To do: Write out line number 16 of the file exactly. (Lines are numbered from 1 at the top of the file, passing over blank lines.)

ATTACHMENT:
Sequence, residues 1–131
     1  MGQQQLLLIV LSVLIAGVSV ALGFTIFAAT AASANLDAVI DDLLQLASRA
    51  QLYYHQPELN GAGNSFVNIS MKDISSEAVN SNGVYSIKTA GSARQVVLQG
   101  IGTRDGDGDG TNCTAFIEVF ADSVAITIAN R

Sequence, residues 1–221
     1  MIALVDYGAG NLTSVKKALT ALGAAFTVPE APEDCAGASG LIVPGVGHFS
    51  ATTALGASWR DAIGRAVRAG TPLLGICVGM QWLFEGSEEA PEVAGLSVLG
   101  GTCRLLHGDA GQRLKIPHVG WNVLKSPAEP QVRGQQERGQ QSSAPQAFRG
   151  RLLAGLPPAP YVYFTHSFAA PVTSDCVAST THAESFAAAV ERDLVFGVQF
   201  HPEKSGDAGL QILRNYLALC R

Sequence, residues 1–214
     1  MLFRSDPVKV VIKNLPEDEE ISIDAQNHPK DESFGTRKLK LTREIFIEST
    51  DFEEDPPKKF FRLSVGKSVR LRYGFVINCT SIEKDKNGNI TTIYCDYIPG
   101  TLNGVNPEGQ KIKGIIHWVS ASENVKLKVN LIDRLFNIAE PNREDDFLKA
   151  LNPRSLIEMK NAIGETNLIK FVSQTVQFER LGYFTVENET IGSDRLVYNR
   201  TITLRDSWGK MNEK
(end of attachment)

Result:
   201  TITLRDSWGK MNEK